On May 20 the world reached another unfortunate milestone as the global number of recorded coronavirus cases reached 5 million. The virus that was transferred to humans in a Chinese market just five months ago has now claimed 325,000 lives as governments continue to grapple with measures to control its spread.
Only a few months ago terms such as “social distancing” or “flattening the curve” were the exclusive jargon of infectious disease experts and public health officials, but the spread of coronavirus around the world has created new nomenclatures as people attempt to understand the threat.
Some of the simplest joys of life such as a walk in the park or having coffee with friends have become inaccessible luxuries to millions, and many experts predict life will never fully return to “normal.”
Large urban centers
The worst hit areas by the coronavirus pandemic have so far been capitals and large cities around the world. From Moscow to Madrid and from New York to Nairobi, the virus has spread rapidly and has proven hard to stop amid the gleaming skyscrapers and crowded streets of our urban centers.
In India alone, 50% of all cases occurred in its ten biggest cities and in the US, New York has become a focal point of the country’s epidemic with nearly 30,000 deaths and a little more than 61,000 recoveries. In Russia, Moscow accounts for nearly half of all cases in a country that geographically spans nearly half the globe.
The response to the virus still lacks unity, as each national government has executed a different approach in detecting and containing the spread of COVID-19. Sweden stood out for uniquely avoiding all lockdown measures. The nation suffered the highest number of deaths per capita in Europe while many of its neighbors can now draw down measures. The rest of Europe saw a patchwork of different measures, testing methods, and ways of recording cases and deaths.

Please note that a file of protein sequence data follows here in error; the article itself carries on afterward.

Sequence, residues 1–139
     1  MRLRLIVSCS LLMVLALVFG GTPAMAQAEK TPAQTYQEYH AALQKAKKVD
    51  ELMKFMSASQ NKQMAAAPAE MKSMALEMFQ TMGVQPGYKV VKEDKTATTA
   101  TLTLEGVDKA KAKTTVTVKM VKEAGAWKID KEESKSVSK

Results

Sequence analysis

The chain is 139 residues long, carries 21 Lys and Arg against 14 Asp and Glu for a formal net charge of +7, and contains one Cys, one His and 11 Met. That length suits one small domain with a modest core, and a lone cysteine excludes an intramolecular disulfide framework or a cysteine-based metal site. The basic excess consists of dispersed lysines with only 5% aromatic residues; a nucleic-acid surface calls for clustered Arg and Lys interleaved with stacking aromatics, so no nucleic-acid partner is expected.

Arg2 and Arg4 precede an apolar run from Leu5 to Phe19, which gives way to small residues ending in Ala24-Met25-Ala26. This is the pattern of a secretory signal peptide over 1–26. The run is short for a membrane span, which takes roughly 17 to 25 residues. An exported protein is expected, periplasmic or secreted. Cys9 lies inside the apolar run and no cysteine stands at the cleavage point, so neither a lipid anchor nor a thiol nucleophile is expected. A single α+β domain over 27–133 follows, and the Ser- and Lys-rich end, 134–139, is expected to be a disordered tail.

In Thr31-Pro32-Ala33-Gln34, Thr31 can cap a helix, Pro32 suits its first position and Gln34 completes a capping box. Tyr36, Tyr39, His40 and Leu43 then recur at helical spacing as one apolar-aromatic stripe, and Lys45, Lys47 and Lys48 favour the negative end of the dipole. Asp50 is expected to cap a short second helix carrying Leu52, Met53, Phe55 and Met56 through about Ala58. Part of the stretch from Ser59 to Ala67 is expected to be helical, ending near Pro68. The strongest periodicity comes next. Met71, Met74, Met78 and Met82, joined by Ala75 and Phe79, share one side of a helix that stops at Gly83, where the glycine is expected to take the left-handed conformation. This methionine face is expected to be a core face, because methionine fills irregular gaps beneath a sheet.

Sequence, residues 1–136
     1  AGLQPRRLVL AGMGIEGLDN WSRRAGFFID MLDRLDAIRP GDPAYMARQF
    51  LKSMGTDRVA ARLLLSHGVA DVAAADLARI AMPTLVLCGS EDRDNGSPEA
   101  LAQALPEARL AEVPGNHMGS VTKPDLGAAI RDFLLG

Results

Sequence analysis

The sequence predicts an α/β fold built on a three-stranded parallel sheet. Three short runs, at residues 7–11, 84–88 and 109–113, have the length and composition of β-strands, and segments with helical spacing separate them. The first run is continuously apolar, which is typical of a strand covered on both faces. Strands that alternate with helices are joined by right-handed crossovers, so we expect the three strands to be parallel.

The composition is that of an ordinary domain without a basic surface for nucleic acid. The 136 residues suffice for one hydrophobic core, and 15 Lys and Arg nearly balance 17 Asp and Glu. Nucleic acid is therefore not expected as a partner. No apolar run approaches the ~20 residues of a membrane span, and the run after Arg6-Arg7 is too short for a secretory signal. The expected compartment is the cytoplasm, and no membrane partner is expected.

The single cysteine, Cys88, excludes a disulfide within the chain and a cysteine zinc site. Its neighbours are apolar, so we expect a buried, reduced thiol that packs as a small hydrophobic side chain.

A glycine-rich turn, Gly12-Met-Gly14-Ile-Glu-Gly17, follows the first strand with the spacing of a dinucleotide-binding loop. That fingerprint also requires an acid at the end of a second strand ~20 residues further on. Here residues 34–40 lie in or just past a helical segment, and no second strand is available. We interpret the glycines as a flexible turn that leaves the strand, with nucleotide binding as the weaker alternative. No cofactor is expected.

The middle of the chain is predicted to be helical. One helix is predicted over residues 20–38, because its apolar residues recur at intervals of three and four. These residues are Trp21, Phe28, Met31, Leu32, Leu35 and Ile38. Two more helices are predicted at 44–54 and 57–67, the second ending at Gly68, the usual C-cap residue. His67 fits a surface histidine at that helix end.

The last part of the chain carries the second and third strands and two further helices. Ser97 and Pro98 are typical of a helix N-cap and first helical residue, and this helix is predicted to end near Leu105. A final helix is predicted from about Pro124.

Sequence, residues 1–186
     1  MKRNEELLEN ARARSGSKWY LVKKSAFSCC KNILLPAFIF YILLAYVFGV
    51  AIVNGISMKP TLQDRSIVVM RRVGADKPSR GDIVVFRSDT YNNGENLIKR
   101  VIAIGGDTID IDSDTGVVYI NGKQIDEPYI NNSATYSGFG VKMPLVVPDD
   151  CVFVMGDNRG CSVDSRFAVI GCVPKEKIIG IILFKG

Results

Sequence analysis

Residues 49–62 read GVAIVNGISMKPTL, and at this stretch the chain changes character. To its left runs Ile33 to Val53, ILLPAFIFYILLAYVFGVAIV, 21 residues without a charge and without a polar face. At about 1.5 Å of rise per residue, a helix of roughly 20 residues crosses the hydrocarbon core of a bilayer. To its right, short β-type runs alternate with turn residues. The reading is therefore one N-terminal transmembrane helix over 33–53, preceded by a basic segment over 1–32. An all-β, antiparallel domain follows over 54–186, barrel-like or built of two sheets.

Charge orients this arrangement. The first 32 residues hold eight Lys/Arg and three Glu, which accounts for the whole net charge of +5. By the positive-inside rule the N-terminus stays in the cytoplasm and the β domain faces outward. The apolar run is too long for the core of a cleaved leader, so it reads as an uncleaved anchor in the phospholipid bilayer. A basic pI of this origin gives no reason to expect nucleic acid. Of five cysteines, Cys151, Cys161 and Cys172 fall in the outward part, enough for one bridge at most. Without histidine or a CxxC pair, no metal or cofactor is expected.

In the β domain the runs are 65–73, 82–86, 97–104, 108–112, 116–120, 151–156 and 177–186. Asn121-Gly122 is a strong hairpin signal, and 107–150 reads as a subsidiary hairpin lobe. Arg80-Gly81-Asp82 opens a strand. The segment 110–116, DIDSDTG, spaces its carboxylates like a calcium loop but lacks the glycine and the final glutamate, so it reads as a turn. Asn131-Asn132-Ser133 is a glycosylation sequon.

Hope for initial government policies that aimed to reach “herd immunity” were dashed after cases rapidly rose. Countries such as the UK and the Netherlands reluctantly switched to unpopular lockdown measures in order to “flatten the curve” and prevent healthcare systems from buckling under the weight of new cases needing intensive care. While Italy and Spain started as the worst hit countries, the United States and Russia have rapidly overtaken them.
Life will not return to normal until the development and broad distribution of a vaccine, according to experts. Over 100 vaccines are currently under development in labs across the planet, but public health experts have cautioned that a vaccine could still be far away.
Meanwhile, the distribution of an eventual vaccine is causing a global debate . France and the US argue over first rights to a French pharmaceutical’s potential vaccine while UNAIDS gathered 140 experts and world leaders to urge for a universally distributed vaccine.
Experts at the WHO have cautioned against the use of experimental or organic alternatives but the promise of miracle cures or outright denial of the seriousness of the virus have sparked national debates worldwide.
One surety is that the pandemic will have a lasting effect on more than just our health. In 2020 and beyond, the virus will change how governments approach surveillance, health care, and climate change, according to the World Economic Forum.
The IMF is monitoring the efficacy of the roughly $9 trillion in fiscal support that governments have made available as some warn the measures will leave the world indebted and increase inequalities. While large corporations are receiving broad economic support, the World Bank fears the coronavirus pandemic will push 60 million into extreme poverty in what it called an “unprecedented crisis.”
Every day scientists, politicians, and economists learn more about the virus. The virus’s evolution continues to shed light on both cooperation and cynical political games. What remains to be seen is what effect the pandemic will have on solidarity between humans after sharing the pain of a global threat.